Courtesy Photo

Parker Clay Sells Leather to Help Ethiopia

Ian and Brittany Bentley’s Adopted Daughter Led to an Economic Empowerment Mission

With the birth of their two sons, Parker and Clayton, Ian and Brittany Bentley simply couldn’t “imagine the thought of other kids without a mom and dad.” Explained Ian, “We looked at the statistic of potentially over four million kids in Ethiopia that were orphaned. But to us, it wasn’t just the number; it was, ‘What if it was Parker or Clayton?’”

So in 2011, they went to the East African country to adopt their then-5-month-old daughter, Selah, and found out about a group called Women at Risk, which helped women escape prostitution by teaching them job skills. With a background in business development, Ian explained, “That was really the catalyst for making us come home and decide, ‘Hey, let’s join them. Let’s stand alongside them and help them build this.’”

By Courtesy Photo

While searching for a venture to employ these former prostitutes, Ian stumbled across a leather bag while shopping for his wife’s birthday and quickly learned that Ethiopia was one of the largest leather producers in the world. “As we dug deeper, we actually found that places like Italy and other European countries were actually importing Ethiopian leather by the containers,” he said. “That really made us think that if a place like Italy, which is known for producing really high-end leather bags and accessories, is using Ethiopian leather, why not create these opportunities in Ethiopia instead?”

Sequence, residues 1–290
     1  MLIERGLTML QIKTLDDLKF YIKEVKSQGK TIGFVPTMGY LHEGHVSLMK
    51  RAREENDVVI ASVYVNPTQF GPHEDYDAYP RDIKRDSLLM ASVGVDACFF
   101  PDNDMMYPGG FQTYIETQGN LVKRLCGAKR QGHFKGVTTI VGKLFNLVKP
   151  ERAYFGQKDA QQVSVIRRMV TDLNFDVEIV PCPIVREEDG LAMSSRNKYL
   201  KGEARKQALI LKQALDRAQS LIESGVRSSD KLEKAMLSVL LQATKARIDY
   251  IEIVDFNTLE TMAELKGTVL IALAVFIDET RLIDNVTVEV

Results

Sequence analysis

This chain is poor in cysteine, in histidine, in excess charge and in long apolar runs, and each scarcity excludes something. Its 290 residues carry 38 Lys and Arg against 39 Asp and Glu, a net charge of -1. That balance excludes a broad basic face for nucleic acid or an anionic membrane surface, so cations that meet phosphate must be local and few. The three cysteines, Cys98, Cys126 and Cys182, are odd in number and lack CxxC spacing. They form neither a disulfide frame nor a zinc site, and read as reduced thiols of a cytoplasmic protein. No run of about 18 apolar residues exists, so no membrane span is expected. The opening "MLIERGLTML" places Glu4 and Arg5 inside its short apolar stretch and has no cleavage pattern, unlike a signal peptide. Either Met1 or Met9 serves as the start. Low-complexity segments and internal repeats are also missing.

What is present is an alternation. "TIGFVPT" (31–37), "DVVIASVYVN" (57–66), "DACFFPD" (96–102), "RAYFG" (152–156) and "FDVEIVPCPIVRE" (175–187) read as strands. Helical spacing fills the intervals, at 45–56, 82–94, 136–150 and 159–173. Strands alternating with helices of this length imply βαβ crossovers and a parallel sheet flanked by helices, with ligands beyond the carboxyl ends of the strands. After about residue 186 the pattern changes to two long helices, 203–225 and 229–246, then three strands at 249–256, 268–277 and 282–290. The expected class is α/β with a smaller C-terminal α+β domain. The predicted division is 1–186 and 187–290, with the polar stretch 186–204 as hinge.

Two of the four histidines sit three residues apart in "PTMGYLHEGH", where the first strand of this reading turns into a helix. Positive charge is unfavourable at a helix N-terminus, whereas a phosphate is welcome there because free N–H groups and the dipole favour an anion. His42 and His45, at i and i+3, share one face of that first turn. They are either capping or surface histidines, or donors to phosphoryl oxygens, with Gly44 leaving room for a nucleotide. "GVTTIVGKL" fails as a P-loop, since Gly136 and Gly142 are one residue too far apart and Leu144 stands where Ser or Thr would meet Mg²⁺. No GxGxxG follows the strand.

After three years in Ethiopia building the business — which also involved starting their Christian nonprofit, Steadfast Love — the family brought their mission to their hometown of Santa Barbara, opening the Parker Clay retail store on East Anapamu Street, across from the County Courthouse. Since September, they’ve been selling leather bags, wallets, and other goods, including hand-woven scarves crafted by their partners in Ethiopia. “To bring a country like Ethiopia into Santa Barbara has just been really fun,” said Ian. “So come in and smell the leather.”

133 E. Anapamu St., (805) 699-5144,

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